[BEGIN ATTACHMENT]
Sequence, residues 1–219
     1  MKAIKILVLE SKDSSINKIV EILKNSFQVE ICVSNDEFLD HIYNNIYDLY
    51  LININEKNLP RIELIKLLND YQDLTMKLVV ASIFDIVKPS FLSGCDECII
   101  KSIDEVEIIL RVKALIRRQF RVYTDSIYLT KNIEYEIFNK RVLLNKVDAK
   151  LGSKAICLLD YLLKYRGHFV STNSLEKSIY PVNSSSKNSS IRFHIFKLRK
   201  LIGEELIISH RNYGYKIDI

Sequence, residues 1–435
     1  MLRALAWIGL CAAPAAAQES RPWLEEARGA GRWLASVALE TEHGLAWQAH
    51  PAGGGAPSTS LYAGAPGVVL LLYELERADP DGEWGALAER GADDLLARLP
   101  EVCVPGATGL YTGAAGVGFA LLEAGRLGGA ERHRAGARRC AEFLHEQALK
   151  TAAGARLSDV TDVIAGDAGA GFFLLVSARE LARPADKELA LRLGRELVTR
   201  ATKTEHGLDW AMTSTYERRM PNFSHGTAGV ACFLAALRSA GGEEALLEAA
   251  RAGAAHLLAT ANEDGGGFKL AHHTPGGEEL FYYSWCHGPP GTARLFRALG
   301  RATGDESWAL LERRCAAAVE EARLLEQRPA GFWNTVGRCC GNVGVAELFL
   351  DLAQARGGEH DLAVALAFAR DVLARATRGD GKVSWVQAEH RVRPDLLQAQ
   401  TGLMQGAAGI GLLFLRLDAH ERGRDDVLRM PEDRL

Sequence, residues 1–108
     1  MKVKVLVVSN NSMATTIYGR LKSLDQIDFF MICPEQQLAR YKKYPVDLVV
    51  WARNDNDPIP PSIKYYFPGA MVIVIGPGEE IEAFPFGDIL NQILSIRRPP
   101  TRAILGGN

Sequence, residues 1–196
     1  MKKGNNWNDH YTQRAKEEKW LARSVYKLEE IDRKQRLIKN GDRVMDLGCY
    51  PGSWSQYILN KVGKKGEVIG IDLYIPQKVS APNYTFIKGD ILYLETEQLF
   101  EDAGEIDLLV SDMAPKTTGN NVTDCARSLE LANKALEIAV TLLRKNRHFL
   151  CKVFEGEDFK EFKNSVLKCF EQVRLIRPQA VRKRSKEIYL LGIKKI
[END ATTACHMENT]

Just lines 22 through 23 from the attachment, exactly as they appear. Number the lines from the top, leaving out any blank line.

     1  MKKGNNWNDH YTQRAKEEKW LARSVYKLEE IDRKQRLIKN GDRVMDLGCY
    51  PGSWSQYILN KVGKKGEVIG IDLYIPQKVS APNYTFIKGD ILYLETEQLF